Blunt cerebrovascular injury in pediatric trauma: A national database study

Dominic A. Harris, Danielle E. Sorte, Sandi K. Lam, Andrew P. Carlson*

*Corresponding author for this work

Research output: Contribution to journalArticlepeer-review

1 Scopus citations


OBJECTIVE The incidence of blunt cerebrovascular injury (BCVI) has not been well characterized in the pediatric population. The goal of this study was to describe the incidence, patient characteristics, and risk factors for pediatric patients with cerebrovascular injuries. METHODS The authors collected data from the Kids’ Inpatient Database (KID), a nationally representative database of pediatric admissions, for years 2000, 2003, 2006, 2009, and 2012. RESULTS Among an estimated 646,549 admissions for blunt trauma, 2150 were associated with BCVI, an overall incidence of 0.33%. The incidence of BCVI nearly doubled from 0.24% in 2000 to 0.49% in 2012. Patients 4 to 13 years of age were less likely to have BCVI than those in the youngest (0–3 years) and oldest age groups comprising adolescents (14–17 years) and young adults (18–20 years). BCVIs were associated with cervical (adjusted OR [aOR] 4.6, 95% CI 3.8–5.5), skull base (aOR 3.0, 95% CI 2.5–3.6), clavicular (aOR 1.4, 95% CI 1.1–1.8), and facial (aOR 1.2, 95% CI 1.0–1.5) fractures, as well as intracranial hemorrhage (aOR 2.7, 95% CI 2.2–3.2) and traumatic brain injury (aOR 2.0, 95% CI 1.7–2.3). Mechanism of injury was also independently associated with BCVI: motor vehicle collision (aOR 1.7, 95% CI 1.3–2.2) and struck pedestrian (aOR 1.4, 95% CI 1.0–1.9). Among pediatric patients with BCVI, 37.4% had cerebral ischemic infarction with an in-hospital mortality of 12.7%, and patients with stroke had 20% mortality. CONCLUSIONS The incidence of pediatric BCVI is increasing, likely due to increased use of screening, but remains lower than that in the adult population. Risk factors include the presence of cervical, facial, clavicular, and skull base fractures, similar to that of the adult population. Diagnosed BCVI is associated with a relatively high incidence of stroke with increased morbidity and mortality. The use of adult screening criteria is likely reasonable given the similarity in the risk factors identified in this study. Further studies are needed to investigate the role of treatment with antiplatelet agents or anticoagulation.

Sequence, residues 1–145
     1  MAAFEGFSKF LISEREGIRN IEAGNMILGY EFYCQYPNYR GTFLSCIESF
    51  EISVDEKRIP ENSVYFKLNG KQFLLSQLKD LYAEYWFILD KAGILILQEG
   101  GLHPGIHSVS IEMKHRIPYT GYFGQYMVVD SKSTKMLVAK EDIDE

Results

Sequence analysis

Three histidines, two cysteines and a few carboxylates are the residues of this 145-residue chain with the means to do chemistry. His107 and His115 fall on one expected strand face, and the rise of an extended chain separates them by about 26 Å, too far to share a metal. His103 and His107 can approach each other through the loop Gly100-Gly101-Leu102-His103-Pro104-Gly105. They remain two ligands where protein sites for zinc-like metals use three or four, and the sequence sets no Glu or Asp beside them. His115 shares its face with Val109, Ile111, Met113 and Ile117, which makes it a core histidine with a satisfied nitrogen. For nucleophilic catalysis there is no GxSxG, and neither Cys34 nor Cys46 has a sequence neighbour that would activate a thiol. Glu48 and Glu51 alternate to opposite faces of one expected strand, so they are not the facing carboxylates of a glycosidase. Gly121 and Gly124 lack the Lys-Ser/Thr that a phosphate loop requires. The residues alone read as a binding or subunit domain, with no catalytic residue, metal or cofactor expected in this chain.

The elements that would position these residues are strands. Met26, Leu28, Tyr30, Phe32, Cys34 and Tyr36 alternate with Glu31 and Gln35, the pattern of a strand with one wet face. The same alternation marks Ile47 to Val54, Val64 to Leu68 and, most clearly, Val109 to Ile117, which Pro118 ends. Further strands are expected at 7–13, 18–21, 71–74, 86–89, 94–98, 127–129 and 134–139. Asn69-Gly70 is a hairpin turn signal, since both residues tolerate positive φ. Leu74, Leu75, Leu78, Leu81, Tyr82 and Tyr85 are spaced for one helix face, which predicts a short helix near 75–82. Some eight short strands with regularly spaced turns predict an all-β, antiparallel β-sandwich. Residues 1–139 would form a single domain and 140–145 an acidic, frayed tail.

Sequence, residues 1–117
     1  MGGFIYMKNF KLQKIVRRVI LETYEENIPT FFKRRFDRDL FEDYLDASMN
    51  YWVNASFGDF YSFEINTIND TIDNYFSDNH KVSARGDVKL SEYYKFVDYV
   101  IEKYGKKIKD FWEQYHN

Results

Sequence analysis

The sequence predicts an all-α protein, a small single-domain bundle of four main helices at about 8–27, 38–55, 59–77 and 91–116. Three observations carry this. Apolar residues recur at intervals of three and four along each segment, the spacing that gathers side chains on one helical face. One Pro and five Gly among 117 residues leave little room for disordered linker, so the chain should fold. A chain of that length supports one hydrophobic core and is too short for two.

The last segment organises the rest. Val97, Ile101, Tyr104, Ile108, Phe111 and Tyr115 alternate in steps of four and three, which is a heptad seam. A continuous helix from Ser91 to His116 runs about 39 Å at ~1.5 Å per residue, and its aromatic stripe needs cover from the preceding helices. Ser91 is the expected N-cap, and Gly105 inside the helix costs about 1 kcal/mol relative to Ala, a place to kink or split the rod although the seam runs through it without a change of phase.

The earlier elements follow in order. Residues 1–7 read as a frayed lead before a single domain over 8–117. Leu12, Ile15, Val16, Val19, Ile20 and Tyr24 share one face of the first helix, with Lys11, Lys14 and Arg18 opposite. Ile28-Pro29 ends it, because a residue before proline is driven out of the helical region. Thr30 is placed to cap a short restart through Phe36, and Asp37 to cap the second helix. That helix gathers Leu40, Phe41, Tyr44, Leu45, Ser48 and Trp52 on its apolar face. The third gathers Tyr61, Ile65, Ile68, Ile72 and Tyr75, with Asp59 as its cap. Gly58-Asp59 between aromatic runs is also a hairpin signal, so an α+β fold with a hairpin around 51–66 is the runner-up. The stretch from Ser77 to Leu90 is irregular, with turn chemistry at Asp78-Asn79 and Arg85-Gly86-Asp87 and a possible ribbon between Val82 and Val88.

Original languageEnglish (US)
Pages (from-to)451-460
Number of pages10
JournalJournal of Neurosurgery: Pediatrics
Issue number4
StatePublished - Oct 2019
Externally publishedYes


  • Blunt cerebrovascular injury
  • National database
  • Pediatric trauma

ASJC Scopus subject areas

  • Surgery
  • Pediatrics, Perinatology, and Child Health
  • Clinical Neurology

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